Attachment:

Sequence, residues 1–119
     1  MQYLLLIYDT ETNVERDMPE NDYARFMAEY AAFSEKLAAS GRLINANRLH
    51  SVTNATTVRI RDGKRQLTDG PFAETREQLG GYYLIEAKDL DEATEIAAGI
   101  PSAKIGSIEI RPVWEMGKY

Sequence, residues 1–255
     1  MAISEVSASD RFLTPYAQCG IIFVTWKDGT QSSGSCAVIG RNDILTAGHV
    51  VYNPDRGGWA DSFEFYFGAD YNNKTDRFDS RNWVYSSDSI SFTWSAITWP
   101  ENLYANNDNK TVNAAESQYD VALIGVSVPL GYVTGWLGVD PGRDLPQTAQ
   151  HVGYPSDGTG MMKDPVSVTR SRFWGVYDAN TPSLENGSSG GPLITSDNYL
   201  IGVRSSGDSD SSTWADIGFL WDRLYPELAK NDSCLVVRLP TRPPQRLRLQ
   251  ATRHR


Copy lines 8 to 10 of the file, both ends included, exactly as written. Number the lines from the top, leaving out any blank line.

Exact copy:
   101  ENLYANNDNK TVNAAESQYD VALIGVSVPL GYVTGWLGVD PGRDLPQTAQ
   151  HVGYPSDGTG MMKDPVSVTR SRFWGVYDAN TPSLENGSSG GPLITSDNYL
   201  IGVRSSGDSD SSTWADIGFL WDRLYPELAK NDSCLVVRLP TRPPQRLRLQ